If this really is it, the 28-year old Kreider was a popular Ranger who gave fans some great moments. A year away from unrestricted status, it looks like he could be dealt to clear room. He has a year left at a bargain price of $4.625 million. The next contract he signs will come out between $6.5 to 7.25 million on average. It’s fair market value for the two-time 28-goal scorer who’s eclipsed 50 points twice.
I wish they could keep him. But there’s no way they’re going to put themselves in another Kevin Hayes or Mats Zuccarello situation. It doesn’t make sense. If he goes, No. 20 will be missed. He was one of those core players during the fun era started by John Tortorella and ended by Alain Vigneault, who flourished alongside American buddy and linemate Derek Stepan. Their chemistry was undeniable. I wonder if the Coyotes would consider a reunion. They just added Phil Kessel. So, it’s unlikely. Colorado could be a good fit for Kreider, who could supply the secondary scoring on a Cup contender. The Rangers almost traded him at the NHL Draft last week for the Avalanche’s first round pick. Instead, they took Alex Newhook at number 16.
While we wait and see what the next move is from GM Jeff Gorton and Team President John Davidson, it’s an exciting time for Ranger fans. They got their guy and didn’t cave in. It’s still overpayment for a very good player, whose playoffs helped. He had five goals and six helpers in two rounds for Columbus.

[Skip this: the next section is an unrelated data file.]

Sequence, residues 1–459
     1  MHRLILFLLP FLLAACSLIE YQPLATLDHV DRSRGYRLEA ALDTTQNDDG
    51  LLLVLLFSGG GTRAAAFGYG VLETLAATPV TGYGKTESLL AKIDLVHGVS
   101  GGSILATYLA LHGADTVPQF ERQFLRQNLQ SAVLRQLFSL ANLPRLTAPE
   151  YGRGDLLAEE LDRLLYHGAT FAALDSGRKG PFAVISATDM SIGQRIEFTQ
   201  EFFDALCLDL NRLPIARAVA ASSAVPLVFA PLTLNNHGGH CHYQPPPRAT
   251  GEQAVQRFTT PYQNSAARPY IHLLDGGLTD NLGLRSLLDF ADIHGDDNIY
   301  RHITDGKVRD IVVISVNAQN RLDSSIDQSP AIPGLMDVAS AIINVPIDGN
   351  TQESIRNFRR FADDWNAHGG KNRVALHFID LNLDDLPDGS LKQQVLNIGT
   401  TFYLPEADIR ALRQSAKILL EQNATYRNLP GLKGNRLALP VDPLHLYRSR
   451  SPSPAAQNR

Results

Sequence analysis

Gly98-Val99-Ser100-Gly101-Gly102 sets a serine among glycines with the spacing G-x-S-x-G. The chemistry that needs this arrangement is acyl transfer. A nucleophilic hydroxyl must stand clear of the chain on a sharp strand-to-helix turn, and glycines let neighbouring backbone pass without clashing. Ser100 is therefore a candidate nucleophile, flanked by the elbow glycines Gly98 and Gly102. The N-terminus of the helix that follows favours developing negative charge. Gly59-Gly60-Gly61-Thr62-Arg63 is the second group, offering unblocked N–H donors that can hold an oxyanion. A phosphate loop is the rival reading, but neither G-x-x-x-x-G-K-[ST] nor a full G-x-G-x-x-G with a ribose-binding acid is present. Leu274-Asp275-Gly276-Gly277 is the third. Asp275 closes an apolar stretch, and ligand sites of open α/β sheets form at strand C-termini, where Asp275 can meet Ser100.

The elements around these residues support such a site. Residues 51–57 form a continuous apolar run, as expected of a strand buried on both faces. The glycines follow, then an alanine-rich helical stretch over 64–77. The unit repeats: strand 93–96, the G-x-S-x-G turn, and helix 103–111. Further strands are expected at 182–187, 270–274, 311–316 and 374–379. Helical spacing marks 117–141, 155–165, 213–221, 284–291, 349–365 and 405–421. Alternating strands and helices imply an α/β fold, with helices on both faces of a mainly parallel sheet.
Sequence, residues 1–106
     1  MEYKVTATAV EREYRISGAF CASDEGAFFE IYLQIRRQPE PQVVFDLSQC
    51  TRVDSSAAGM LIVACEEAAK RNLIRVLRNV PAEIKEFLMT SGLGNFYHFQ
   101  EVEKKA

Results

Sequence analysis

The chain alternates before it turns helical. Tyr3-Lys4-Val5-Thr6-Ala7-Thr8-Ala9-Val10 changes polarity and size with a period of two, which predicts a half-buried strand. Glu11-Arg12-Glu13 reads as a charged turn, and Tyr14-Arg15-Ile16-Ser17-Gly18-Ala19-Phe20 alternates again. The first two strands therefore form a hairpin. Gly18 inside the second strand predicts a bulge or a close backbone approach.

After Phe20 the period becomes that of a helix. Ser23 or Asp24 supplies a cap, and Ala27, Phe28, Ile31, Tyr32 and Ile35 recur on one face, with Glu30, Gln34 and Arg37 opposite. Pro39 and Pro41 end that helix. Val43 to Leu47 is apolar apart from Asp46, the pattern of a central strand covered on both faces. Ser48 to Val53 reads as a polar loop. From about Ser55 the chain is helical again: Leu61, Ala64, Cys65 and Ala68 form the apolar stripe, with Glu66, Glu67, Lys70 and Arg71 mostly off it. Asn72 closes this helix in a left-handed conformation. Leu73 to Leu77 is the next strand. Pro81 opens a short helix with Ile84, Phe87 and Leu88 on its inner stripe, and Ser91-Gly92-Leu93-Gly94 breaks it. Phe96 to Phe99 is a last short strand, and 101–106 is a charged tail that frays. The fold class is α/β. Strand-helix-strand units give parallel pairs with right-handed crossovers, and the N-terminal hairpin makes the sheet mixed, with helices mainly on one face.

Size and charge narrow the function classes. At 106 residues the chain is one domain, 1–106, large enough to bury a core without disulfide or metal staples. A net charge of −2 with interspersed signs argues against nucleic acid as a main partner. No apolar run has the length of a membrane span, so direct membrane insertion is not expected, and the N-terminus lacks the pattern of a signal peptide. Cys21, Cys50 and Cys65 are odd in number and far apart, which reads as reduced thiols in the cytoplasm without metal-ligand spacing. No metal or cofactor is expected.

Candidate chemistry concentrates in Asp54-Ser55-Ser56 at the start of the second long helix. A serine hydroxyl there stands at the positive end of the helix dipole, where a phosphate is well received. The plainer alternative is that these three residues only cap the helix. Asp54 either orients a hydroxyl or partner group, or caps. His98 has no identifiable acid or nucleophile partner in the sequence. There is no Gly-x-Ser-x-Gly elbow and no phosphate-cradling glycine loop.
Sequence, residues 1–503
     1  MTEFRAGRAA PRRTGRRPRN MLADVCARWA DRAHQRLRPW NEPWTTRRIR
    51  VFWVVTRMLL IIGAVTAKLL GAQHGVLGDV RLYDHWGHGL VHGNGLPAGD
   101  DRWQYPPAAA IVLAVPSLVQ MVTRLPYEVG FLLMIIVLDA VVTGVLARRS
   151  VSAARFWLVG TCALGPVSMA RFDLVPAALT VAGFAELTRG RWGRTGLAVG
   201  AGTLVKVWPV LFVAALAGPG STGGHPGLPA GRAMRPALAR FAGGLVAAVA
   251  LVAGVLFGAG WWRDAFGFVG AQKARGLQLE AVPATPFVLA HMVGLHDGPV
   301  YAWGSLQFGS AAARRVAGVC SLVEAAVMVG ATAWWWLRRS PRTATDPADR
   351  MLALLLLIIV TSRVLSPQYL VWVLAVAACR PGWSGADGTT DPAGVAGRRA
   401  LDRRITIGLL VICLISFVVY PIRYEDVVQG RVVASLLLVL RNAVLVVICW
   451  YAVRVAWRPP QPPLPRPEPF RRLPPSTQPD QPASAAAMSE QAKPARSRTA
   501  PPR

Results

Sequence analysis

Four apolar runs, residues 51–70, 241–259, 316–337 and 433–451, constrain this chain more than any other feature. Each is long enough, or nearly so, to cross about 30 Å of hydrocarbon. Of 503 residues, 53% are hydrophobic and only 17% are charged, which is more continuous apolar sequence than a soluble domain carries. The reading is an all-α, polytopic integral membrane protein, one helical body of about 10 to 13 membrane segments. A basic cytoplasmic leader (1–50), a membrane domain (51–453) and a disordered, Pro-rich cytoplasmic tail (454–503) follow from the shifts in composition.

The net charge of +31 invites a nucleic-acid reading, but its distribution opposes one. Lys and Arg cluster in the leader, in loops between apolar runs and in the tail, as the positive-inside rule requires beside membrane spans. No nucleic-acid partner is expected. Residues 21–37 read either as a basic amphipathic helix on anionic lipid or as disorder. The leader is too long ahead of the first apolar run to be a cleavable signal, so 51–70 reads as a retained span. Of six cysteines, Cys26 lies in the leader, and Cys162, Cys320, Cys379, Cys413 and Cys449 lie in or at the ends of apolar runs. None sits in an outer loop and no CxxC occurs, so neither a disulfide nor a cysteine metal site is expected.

How does a top line of Panarin-Mika Zibanejad-Kaapo Kakko strike you? It probably won’t happen right away due to key RFA Pavel Buchnevich, who has formed solid chemistry with Zibanejad. But eventually, Kakko should be on the top line with Buchnevich sliding down to a second line with potentially Vitali Kravtsov and Filip Chytil.
There’s still the issue of who is their second center behind Zibanejad. Chytil is more effective on the wing. Kravtsov is brand new. Lias Andersson has to prove he belongs in the top nine with competition coming from Brett Howden. Ryan Strome can shift to center if needed. But I prefer him on the right side.
The bottom line is the Rangers just got a lot more interesting. There will be plenty of excitement surrounding them this Autumn. For now, we have to see what else they have planned. They still must pay defenseman Jacob Trouba a lot of money. Combined with Panarin, that’s an estimated 19 million. They will still have room for Buchnevich, Tony DeAngelo and Brendan Lemieux. A key players who could help replace what Kreider brought. Though he doesn’t possess the high end skill, Lemieux plays the game with a physical edge that fans love. It’s up to him to improve his skating.
While this is a great day for the Rangers, it’s gotta be a somber one for the Islanders, who struck out on both Panarin and Sergei Bobrovsky, who inked a seven year deal worth $70 million with the Panthers. What happens if Anders Lee decides to leave to the rumored Canadiens after being second fiddle? The same for Robin Lehner.
You have to laugh. Wayne Simmonds signed for a year, $5 million with the Devils. A good move by New Jersey. We’ll have more on the craziness of the frenzy later.